Its aluminium frame ensures good power delivery, while there’s a reassuring quality to its handling. Perhaps the biggest surprise is comfort. The combination of moderately chunky 38mm tyres and a fine saddle results in an impressive ride, especially on tarmac where we suspect much of the Primal’s riding will take place. Internal cable routing and undersized rear triangle adds a contemporary edge.

Of course, at this price point there are compromises. The dual control levers of the 7-speed Shimano Tourney groupset are a little floppy and the mechanical Tektro disc brakes feel spongy. But overall, it's an excellent budget gravel bike for fun times on and off road.

Read our review: 
Cube Nuroad

Cube Nuroad

Best gravel bike under £1,000 for speedy riders
Buy now for £999.99 from Tredz
Looks great
Proven, reliable components
Quite aggressive geometry for a gravel bike

The Nuroad, according to Cube, “blends cyclocross ruggedness with road-bike alacrity”. That hints at speed, albeit they also “threw a little mountain-bike DMA into the mix”. How do they achieve this cycling alchemy? And what does it achieve?

Well, the road and CX side stems from the aluminium frame and carbon forks and its ‘comfortable’ all-round geometry that’s designed for speedy efforts when needed but more attuned to long days in the saddle. The mountain-bike side’s covered by the large tyre clearance that can accommodate up to the 45mm tyres the Nuroad comes with or 40mm with mudguards.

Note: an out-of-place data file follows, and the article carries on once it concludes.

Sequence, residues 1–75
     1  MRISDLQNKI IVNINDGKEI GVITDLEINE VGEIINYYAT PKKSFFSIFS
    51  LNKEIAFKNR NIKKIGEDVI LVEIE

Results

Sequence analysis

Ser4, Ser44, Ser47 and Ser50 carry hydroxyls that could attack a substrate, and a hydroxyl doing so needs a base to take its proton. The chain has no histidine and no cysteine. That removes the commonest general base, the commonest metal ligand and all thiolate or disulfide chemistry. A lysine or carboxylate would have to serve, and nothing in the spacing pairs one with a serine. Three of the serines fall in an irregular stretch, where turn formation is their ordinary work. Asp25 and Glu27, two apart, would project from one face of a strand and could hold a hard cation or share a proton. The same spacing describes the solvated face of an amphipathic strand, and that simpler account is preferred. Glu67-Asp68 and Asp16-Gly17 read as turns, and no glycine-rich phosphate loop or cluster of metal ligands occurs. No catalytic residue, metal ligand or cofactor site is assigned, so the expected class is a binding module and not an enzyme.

Cube’s ordered a double – 2 x eight-speed Shimano Claris – which is fine, though we’ve seen the higher-level Sora on cheaper bikes than this one. As you’d expect, there are numerous mounts for bikepacking adventures.

Rondo RUUT AL 2

Rondo RUUT AL 2

Most innovative gravel bike under £1,000
Buy now for £999.99 from Wiggle
'Variable geometry' to switch riding positions
Simple 1x drivetrain
Dependable alloy frame
TwinTip fork is a little marmite

The Polish brand Rondo enjoyed a breakthrough year in 2017 when they created what they termed ‘the first variable geometry road bike in the world’. This chameleon-like quality derived from Rondo’s TwinTip fork that featured a removable axle insert to set the axle in different positions, to make it either more upright or racier.

This technology’s the company’s USP and is seen on the RUUT AL 2. How effective is it? Well, our sister site,, tested the AL 1 and the feedback was mixed. While there was a slight difference in handling, there was no noticeable difference in loop times. The change is also a little bit of a faff.

Still, many of you might love it. As you might the super-strong and responsive 6061 alu frame that forms the core of the RUUT AL 2, which flows into a full-carbon fork and those TwinTips. The drivetrain’s 1x, though a hybrid of Microshift 11-42 11-speed cassette and SRAM Apex rear derailleur. It’ll do the job but the purists in us would prefer avoiding the mix-and-match. Rondo’s wheels are tubeless compatible with 40mm tyres adding comfort.

Forme Monsal 2.0

Forme Monsal 2.0

Best British gravel bike under £1,000
Buy now for £989 from Tredz
1x drivetrain for simplicity
Durable frame
Component compromises

UK bike brand Forme electrified the world of gravel, with our sister site giving the Monsal 1.0 4.5 out of 5 stars and commenting that it was “one of the most comfortable and fun gravel bikes for the money”. Which would make it pretty hard not to send you in the direction of the latest edition, that ducks under a grand with some retailers.